If you followed my previous hikes, you know the CDT wasn't the first time I hiked a long-distance trail in a flip-flop direction. I skipped 22 miles of the Appalachian Trail in New Hampshire because of an injury, then returned to finish that section after reaching the northern terminus at Mt Katahdin.
My hike of the Pacific Crest Trail in 2019 included a triple flip. The first was a flip from the California desert to Washington to avoid higher-than-normal snow conditions in the Sierra. Later, I flipped again to hike the Sierra while the weather remained nice, then made a final flip to finish Northern California.
A few hikers don't like to flip. They think of the trail as a linear, continuous path that should be walked only in one direction. A flip-flop hike isn't unusual, however. Every year, hikers do the same thing Top O', OldTimer, and I are doing.
I know we aren't the only hikers who started northbound on the CDT this year and are now hiking south through Colorado. There aren't many of us, though.
|Date||Monday, July 5, 2021|
|Weather||Clear early, gradually turning cloudy with a late afternoon thunderstorm; temperatures from the low-40s to mid-70s|
|Trail Conditions||A steep climb and descent, followed by a steady climb|
We started seeing NOBO thru-hikers who didn't flip when we entered Colorado a little more than two weeks ago. A large cluster of them passed us between Berthoud Pass and Grays Peak, and I'm sure we missed seeing a few when we took our unconventional detour.
Hikers are still heading this way. I enjoy talking with them, especially the ones I met in New Mexico.
Lately, I've been keeping my eye out for Just Awesome. Our friendship goes back to the first days of hiking the PCT in 2019, and I've been expecting to see him soon on this trail.
I assumed my tent would remain dry overnight. No rain fell, and we didn't camp next to a lake or stream. Oddly, there was still condensation inside when I woke up. There wasn't a lot, though, so I didn't plan to stop and dry my gear today on the trail.
OldTimer and I left our campsite soon after Top O'. We were hiking before 6:30 a.m.
We didn't get far before we saw Top O' again. He was backtracking after taking a wrong turn. The trail had been rerouted in a few places since Gold Hill Trailhead, and he discovered he had accidentally followed a part of the old route.
Shortly before climbing above the treeline, I saw a Zpacks Duplex tent near the trail. There was no sign of anyone nearby. Was it JA's tent, I wondered? I remembered he had a Duplex when I hiked with him on the PCT, but he carried a different one when I hiked with him last fall on the Benton MacKaye Trail.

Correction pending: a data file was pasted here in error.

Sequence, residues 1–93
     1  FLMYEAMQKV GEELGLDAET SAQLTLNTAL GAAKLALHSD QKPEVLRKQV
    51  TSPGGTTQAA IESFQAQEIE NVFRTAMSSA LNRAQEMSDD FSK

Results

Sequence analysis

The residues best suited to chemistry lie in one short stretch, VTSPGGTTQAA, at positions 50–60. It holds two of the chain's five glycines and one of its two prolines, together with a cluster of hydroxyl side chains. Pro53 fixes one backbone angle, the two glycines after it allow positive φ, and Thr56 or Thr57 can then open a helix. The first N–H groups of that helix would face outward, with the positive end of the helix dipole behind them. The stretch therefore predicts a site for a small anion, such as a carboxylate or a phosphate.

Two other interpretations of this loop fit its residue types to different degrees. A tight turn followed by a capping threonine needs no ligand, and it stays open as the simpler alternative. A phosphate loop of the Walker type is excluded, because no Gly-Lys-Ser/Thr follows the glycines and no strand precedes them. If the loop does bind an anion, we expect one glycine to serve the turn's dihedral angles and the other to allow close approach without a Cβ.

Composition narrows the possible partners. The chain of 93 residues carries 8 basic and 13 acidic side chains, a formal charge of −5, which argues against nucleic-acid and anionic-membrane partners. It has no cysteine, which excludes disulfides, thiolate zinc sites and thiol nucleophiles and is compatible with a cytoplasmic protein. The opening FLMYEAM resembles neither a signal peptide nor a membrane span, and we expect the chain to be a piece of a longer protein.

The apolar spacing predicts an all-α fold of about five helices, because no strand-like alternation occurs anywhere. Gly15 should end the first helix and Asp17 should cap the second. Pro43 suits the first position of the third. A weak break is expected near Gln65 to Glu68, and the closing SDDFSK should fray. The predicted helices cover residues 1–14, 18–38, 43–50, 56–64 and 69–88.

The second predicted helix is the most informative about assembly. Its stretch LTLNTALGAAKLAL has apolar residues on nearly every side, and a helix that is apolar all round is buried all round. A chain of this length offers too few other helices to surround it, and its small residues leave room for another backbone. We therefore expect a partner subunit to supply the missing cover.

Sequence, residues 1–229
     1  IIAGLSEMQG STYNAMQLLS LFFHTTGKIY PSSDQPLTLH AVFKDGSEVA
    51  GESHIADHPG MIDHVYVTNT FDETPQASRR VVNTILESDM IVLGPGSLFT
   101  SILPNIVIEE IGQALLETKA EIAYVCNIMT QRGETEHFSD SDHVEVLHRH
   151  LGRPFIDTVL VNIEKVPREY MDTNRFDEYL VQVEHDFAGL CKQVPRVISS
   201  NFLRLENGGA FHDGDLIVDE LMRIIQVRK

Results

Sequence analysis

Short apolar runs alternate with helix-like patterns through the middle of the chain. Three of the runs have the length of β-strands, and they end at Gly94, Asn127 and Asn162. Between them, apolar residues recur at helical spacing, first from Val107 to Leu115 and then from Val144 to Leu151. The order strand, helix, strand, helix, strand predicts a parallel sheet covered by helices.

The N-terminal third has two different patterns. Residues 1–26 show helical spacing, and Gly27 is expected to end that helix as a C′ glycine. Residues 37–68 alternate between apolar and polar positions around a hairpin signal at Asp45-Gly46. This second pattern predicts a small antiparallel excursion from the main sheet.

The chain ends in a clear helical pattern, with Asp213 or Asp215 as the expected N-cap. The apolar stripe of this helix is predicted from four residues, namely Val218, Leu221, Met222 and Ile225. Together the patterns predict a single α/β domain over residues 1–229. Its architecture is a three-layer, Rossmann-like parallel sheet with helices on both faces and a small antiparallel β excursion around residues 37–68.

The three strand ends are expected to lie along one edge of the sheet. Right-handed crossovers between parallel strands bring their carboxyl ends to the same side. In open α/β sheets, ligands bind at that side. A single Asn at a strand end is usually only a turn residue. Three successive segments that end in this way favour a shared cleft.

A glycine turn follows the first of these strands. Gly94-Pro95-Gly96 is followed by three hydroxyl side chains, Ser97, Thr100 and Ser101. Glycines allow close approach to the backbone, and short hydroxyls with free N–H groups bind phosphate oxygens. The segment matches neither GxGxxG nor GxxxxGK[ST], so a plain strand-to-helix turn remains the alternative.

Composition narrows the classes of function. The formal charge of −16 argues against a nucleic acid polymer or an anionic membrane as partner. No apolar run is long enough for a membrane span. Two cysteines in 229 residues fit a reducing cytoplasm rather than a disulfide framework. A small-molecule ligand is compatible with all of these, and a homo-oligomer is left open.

I didn't want to call out to him because there was no way to know for sure it was his tent. Many hikers use the same one. As soon as I left, though, I had a sinking feeling I was right, that probably was his tent.
My gut had told me to call out JA's name, and now as I continued walking, I regretted not doing that. The trail went up the slope of a long ridge called the Tenmile Range and above the treeline. The climb soon became harder than I expected.
There are more than a dozen mountain peaks in the Tenmile Range, though some only have names with numbers, as in Peak 1, Peak 2, Peak 3, and so forth. Peak 2 is also called Tenmile Peak.
The climb from our campsite went more than 1,800 feet up in a stretch of 3.4 miles. Part of the way up went steeply to a saddle between Peak 4 and a small knob extending from the mountain.
I looked back as I got near the saddle and saw Dillon Reservoir. Torreys and Grays peaks were to my right, though the view was nearly cut off by the knob that formed the saddle.
The trail didn't drop after passing through the saddle. It continued going up along the slope, gradually climbing past Peak 5 for about two more miles.
The sky was bright and clear this morning, and the temperature was pleasant.
The final distance of the ascent along the ridge included a few switchbacks before reaching the top at nearly 12,500 feet. When I looked left to the valley below, I could see the town of Breckenridge, where one of Colorado's top ski resorts is located. The runs for the resort were farther ahead on this ridge.
Interstate Highway 70 and another ski resort, Copper Mountain, were in view on the other side of the ridge. Seeing Copper Mountain so far below me was a little startling when I realized after all the climbing I just completed, I now had to walk down there.